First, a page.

HOMILY: FEAST OF ST. GERTRUDE THE GREAT OF HELFTA

By Fr. Gerard D'souza of Abbey of the Genesee

The years 1251-1302 were a sort of golden age for the monastery of St Mary's at Helfta, Germany.  Originally founded by the Cistercians, it followed the Cistercian constitutions but did not belong to the order.  In fact their spiritual directors were Dominicans.  Under the holy and learned abbess, Gertrude (not to be confused with St Gertrude), Helfta became a center for culture as well as a school of spirituality.  Three of the Church's greatest mystics lived at Helfta in the years 1251-1302 - Gertrude the Great, St Mechtild and Mechtild of Magdeburg.

Gertrude entered the famous monastery school at Helfta, at the age of 5.  Unlike her companions she did not belong to the nobility.  She may have been an orphan.  From a very young age she gave evidence of her brilliance and quickly outstripped her companions.  Her love for secular studies made the common life wearisome, pride and vanity ate away at her soul and she soon became an unhappy young woman until Christ appeared to her.  The day was branded in her memory, it was in her 26th year, when as she says "in a happy hour, at the beginning of twilight, thou O God of truth, more radiant than any light, yet deeper than any secret thing, determined to dissolve the obscurity of my darkness."  From then on her biographer tells us "she became a theologian instead of a grammarian."  She did not give up her intellectual ardor but now, all her labors were for her sisters, to cure what she termed "the wound of ignorance".  Her many gifts and mystical graces did not prevent her from giving herself wholeheartedly to the common life with its joys and sorrows.  In fact many of her special graces came to her as she took part in the ordinary routine of convent life.  She felt keenly for those whose burdens involved them in distracting duties, for example those responsible for meeting the debts of the monastery.  Well she prayed that they might have more time to pray and fewer distractions.  The Lord's answered "It does not matter to me whether you perform spiritual exercises or manual labor, provided only that your will is directed to me with a right intention.  If I took pleasure only in your spiritual exercises, I should certainly have reformed human nature after Adam's fall so that it would not need food, clothing or the other things that man must find or make with such effort."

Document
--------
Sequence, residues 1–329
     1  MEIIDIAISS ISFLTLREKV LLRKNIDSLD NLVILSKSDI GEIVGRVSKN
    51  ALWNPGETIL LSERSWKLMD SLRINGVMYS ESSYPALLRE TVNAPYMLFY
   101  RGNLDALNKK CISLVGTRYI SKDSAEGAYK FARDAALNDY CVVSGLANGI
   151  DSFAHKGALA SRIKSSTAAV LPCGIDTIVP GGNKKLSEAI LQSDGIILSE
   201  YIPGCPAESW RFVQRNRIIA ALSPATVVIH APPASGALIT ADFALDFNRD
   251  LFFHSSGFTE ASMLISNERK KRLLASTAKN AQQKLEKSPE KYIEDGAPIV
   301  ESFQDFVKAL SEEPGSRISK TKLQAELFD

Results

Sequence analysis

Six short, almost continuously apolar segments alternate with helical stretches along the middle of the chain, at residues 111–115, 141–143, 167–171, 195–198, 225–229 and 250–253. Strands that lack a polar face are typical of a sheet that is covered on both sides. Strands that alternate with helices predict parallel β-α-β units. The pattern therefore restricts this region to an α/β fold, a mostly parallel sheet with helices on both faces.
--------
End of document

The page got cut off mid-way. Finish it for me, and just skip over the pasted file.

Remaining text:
Gertrude is inseparably associated with the devotion to the Sacred Heart.  The pierced heart of Jesus embodied for her the Divine Love, an inexhaustible fountain of redemptive life.  Her visions and insights in connection with the Heart of Jesus are very enlightening.  In one such intellectual vision, she perceived the unceasing love of Christ for us in two pulsations of his Heart - one accomplished the conversion of sinners, the other the sanctification of the just.  Just as our own faithful heart keeps right on whether we advert to it or not, these pulsations will endure till the end of time despite the vicissitudes of history.

In many of the visions of the Sacred Heart, we find St John the Beloved Disciple present.  He who leaned back against Jesus' chest at the Last Supper.  On his own feast day, St John appeared and placed Gertrude near the wounded side of the Savior, where she could heart the pulsations of the Sacred Heart.  "Why is it, O beloved of God", she asked him, "that you who rested on his bosom at the Last Supper have said nothing of what you experienced then? St John told her "It was my task to present to the first age of the Church the doctrine of the Word made flesh which no human intellect can ever fully comprehend.  The eloquence of that sweet beating of His Heart is reserved for the last age in order that the world grown cold and torpid may be set on fire with the love of God."  I found this strangely moving.  Is it because I secretly mourn the demise of so many true and instructive devotions which sustained an earlier time.  Or perhaps I repent my being appalled by those dolorous pictures of Christ which graced the Friday Holy Hour booklets, when I accompanied my grandmother to those devotions as a young lad.

Our age seems taken up with spirituality and yet for the most part, it seems to have invested God with a benign impersonality - Divine Energy, Ocean of Bliss etc.  Non-threatening it is true but also not terribly concerned with our welfare as well.  The idea of God as Person having absolute rights over our own persons seems constricting and suffocating.  We have these two poles so wonderfully addressed in Jesus.  We have the Divine person and yet he never overwhelms us.  For as true man he is so very close to us.  What struck me when reading about the visions of St Gertrude is the truly intensely personal nature of the relationship.  The Lord is almost embarrassingly concerned with every little aspect of Gertrude's life - personal and communal.  Any yet He remains the Lord of wide swathes of history.  This is the great wonder of the Incarnate Lord - Lord of all and yet loving each one through the individuality of his own human nature with so particular and intense a love as if he or she were the only soul on this earth.  St Gertrude in her devotion to the Sacred Heart reminds us that His sacred humanity is so wonderfully united to the Person of the Word that there are no barriers in it to the stream of life of the Godhead, which stream we drink from when we are united to Christ's sacred humanity.